Greening Schools: Better, Safer, Cheaper

March 20, 2018


We awaken again a to senseless school shooting.

Instead of turning schools into armed work camps, maybe there’s another way?
Along with sensible gun laws, expanded access to mental health care,  making our schools healthier and more efficient achieves multiple goals.

Sense and Sustainability:

To America’s school boards,

What if I could you offer you a reliable path to:

  • Improve educational results
  • Improve student, teacher, and staff morale
  • Improve student, teacher, and staff health
  • Create jobs in the local economy
  • Improve economic performance in the near-, mid-, and long-term
  • Save money

Intrigued? You should be.

And, the great news is: that path already exists.

This is the simple reality of the benefits that come from serious efforts to green the school environment. Take the time to understand why greening should be core to your leadership. You have the opportunity to foster better educational performance, improve your community’s economy, help clean up the environment, and save money.

When approaching the analysis with an open mind, it becomes clear: greening schoolsmight be the most cost-effective path toward improving school performance. In fact, it might be the only educational achievement enhancing path that is also “profitable” (due to energy and operational cost benefits) even without considering the secondary (job creation, student/teacher health) and tertiary (lower pollution levels, capacity building for energy efficiency, and other “green” across the country) benefits.

How could “greening a school” improve educational achievement? Let us look at just a few examples:

  • Energy Efficient Windows: Imagine your childhood classroom, the single-pane windows. When you sat next to that window in winter you might have been freezing but toward the end of the school year frying in sun relative to your classmate 10 feet away. Hmmm . . . perhaps eliminating that discomfort might have made it easier for you to focus on the teacher and your studies?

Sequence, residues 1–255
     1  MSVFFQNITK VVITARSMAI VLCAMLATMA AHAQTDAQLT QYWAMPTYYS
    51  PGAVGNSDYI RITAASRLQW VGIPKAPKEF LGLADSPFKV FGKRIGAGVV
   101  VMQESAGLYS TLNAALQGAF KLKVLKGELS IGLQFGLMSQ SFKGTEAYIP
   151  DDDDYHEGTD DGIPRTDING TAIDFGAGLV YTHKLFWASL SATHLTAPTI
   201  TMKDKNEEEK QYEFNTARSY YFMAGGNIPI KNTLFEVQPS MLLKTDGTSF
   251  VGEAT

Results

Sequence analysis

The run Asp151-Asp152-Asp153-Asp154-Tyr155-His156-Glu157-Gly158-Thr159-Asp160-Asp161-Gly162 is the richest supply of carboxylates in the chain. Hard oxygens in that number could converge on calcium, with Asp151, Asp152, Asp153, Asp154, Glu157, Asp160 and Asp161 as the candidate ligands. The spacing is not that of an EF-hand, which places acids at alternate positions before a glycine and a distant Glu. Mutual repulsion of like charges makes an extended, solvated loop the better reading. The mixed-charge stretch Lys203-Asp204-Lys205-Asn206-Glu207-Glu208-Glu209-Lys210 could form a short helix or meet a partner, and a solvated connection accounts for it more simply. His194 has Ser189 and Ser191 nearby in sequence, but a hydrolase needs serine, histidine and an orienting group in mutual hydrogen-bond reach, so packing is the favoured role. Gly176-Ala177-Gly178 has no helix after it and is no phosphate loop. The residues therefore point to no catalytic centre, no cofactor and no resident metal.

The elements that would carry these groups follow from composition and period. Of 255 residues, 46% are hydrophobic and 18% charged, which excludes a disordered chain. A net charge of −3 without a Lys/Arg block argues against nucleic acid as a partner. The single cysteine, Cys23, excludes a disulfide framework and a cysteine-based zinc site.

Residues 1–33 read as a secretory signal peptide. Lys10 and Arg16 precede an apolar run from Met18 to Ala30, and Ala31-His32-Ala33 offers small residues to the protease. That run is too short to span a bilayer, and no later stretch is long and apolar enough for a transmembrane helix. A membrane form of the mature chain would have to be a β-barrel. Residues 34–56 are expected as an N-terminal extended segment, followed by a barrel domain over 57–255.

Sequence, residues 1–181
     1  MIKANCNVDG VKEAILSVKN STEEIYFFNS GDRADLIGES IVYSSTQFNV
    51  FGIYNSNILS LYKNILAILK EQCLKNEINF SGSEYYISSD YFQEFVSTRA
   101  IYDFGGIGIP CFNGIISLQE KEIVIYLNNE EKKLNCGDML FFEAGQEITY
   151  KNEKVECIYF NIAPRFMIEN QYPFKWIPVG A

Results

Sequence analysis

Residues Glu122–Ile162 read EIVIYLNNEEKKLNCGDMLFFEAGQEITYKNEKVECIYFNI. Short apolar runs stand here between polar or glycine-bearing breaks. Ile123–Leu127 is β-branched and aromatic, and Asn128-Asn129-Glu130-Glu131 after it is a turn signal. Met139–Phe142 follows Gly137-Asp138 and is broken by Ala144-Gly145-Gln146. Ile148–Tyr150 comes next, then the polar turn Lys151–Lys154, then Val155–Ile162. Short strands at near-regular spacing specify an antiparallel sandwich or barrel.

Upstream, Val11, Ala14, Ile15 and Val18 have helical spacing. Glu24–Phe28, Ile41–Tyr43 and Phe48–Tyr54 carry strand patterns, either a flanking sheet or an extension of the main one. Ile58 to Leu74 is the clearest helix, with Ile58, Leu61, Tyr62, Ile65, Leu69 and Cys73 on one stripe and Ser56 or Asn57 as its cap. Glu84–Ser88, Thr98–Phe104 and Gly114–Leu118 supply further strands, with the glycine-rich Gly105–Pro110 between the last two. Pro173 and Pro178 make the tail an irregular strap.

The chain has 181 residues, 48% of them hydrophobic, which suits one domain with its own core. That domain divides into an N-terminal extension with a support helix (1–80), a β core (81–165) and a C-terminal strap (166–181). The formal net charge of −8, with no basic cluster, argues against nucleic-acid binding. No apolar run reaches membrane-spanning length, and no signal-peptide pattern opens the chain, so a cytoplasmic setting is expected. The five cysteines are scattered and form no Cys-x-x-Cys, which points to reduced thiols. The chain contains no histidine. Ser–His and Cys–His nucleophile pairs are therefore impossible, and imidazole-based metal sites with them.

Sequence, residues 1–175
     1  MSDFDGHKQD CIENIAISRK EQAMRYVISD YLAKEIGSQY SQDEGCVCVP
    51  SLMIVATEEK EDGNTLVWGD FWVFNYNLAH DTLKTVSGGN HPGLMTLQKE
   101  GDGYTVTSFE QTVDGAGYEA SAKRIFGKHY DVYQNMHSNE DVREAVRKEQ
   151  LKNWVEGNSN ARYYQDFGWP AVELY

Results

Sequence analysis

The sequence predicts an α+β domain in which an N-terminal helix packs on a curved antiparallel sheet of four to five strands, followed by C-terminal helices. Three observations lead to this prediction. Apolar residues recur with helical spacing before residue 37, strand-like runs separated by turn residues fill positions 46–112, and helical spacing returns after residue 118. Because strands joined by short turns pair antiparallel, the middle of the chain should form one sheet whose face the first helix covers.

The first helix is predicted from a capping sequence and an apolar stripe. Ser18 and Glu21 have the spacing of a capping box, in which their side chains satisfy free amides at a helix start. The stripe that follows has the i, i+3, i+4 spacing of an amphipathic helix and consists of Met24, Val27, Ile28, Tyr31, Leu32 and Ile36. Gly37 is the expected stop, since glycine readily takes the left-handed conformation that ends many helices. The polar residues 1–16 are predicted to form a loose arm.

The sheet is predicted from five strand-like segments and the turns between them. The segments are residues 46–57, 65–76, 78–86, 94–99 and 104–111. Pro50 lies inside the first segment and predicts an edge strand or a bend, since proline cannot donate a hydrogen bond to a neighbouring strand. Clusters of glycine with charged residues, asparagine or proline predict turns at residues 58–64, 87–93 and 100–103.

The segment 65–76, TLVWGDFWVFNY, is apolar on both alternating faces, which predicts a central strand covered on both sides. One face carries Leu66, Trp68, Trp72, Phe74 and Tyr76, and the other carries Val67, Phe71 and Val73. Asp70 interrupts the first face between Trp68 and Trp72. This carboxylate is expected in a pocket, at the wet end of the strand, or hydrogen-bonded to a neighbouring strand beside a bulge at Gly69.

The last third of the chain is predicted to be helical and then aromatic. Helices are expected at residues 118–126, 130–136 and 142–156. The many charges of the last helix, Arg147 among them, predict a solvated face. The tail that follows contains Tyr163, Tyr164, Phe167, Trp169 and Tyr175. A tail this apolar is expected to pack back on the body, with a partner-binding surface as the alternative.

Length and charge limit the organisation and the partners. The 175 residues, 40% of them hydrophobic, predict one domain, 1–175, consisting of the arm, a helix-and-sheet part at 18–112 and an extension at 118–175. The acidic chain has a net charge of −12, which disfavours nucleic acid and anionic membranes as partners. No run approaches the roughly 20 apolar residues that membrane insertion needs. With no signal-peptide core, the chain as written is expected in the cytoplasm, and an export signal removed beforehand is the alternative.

• Daylighting: Obviously, human eyes have evolved with fluorescent lighting. Not! Consistently, tested performance in stores, factories, offices (also), and schools has shown improvements with increased daylight.
  • Non-Volatile Organic Compound Paints / Cleaning Products: Eliminating VOCs will reduce headaches, disturbing odors, and other distractions from academics.

Greening the schools, for many reasons, will improve student performance with healthier (driving lower absenteeism, as seen in the office environment) and more attentive students in an environment more conducive to learning. Let us explore, however, a fuller range of benefits:

  • Save money for communities and taxpayers: Quite directly, public infrastructure is one of the clearest places where the taxpayer should be concerned about the “cost to own” against the “cost to buy”. What is interesting is that achieving basic green level standards (which might cut energy usage by 25% or more) often can cost less than building “normally,” as good passive design might, for example, lead to improved heating/cooling system requirements and water efficiency (e.g., through water-less urinals). In addition, achieving quite aggressive standards might have direct financial payback times from energy savings of well under five years.Remember, just like your household, your local (and national) government is getting hit by rising energy prices. Spending the time and money to “green” schools will lower that burden for coming years and represents a hedge against rising energy prices. Green buildings also use less water (e.g., through water efficient fixtures and rainwater capture) and have reduced runoff (green roofing, good landscape design), lowering sewage bills.

But thinking only about direct savings sells greening schools short.